Candi, Caṇḍī, Caṇḍi: 15 definitions
Candi means something in Buddhism, Pali, Hinduism, Sanskrit, Jainism, Prakrit, the history of ancient India, Marathi. If you want to know the exact meaning, history, etymology or English translation of this term then check out the descriptions on this page. Add your comment or reference to a book if you want to contribute to this summary article.
Alternative spellings of this word include Chandi.
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Shaivism (Shaiva philosophy)Source: Wisdom Library: Kubjikāmata-tantra
Caṇḍī (चण्डी, “passionate”):—One of the nine Dūtī presided over by one of the nine bhaivaravas named Kapāla (emanation of Ananta, who is the central presiding deity of Dūtīcakra), according to the Kubjikāmata-tantra and the Ṣaṭsāhasrasaṃhitā. The names of these nine Dūtīs seem to express their involvement in yogic practices.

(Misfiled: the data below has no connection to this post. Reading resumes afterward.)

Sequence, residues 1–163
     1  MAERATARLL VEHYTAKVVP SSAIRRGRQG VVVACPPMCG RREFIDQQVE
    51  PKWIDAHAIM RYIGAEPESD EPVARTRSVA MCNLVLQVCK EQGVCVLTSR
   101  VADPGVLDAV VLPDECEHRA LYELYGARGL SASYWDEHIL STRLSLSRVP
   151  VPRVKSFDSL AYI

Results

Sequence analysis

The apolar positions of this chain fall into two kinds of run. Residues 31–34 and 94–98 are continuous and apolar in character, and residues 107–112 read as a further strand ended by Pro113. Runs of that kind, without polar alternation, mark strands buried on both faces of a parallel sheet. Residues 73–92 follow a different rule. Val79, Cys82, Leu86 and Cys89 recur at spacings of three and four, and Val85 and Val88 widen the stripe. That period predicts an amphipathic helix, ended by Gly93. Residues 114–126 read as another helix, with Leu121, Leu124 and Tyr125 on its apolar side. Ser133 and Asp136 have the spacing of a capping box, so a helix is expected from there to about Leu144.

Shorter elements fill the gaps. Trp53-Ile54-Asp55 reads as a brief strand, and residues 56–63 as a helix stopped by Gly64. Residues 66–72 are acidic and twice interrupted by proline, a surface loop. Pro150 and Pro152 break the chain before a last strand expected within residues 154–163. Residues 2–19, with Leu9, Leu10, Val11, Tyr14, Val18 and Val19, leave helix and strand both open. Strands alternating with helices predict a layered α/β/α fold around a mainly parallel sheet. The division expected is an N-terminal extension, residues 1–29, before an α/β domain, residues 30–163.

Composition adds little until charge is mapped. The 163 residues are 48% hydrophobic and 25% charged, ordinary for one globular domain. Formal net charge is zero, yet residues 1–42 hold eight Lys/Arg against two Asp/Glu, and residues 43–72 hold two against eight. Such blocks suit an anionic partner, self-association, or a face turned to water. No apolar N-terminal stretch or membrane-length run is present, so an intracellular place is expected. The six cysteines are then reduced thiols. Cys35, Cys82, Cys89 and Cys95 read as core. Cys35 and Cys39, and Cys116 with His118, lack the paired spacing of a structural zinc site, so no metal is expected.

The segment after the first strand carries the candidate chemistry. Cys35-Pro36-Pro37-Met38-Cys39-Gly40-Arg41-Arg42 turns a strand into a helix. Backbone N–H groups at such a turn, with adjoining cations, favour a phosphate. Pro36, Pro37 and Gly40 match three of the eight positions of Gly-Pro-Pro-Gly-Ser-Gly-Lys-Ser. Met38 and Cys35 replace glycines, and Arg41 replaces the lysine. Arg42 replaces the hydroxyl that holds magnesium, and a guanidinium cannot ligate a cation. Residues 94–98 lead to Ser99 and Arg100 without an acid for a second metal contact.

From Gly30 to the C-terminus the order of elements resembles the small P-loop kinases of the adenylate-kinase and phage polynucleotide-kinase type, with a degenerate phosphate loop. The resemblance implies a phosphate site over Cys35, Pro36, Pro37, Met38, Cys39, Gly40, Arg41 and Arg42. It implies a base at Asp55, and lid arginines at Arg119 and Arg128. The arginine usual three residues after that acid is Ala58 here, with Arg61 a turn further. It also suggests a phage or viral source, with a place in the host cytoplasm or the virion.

Shaiva (शैव, śaiva) or Shaivism (śaivism) represents a tradition of Hinduism worshiping Shiva as the supreme being. Closely related to Shaktism, Shaiva literature includes a range of scriptures, including Tantras, while the root of this tradition may be traced back to the ancient Vedas.
Shaktism (Shakta philosophy)Source: Wisdom Library: Śāktism
Caṇḍī (चण्डी, “Fierce, Impetuous”):—One of the female offspring from Mahāsarasvatī (sattva-form of Mahādevī). Mahāsarasvatī is one of the three primary forms of Devī, the other two being Mahālakṣmī and Mahākālī. Not to be confused with Sarasvatī, she is a more powerful cosmic aspect (vyaṣṭi) of Devi and represents the guṇa (universal energy) named sattva. Also see the Devī Māhātmya, a Sanskrit work from the 5th century, incorporated into the Mārkaṇḍeya-Purāṇa.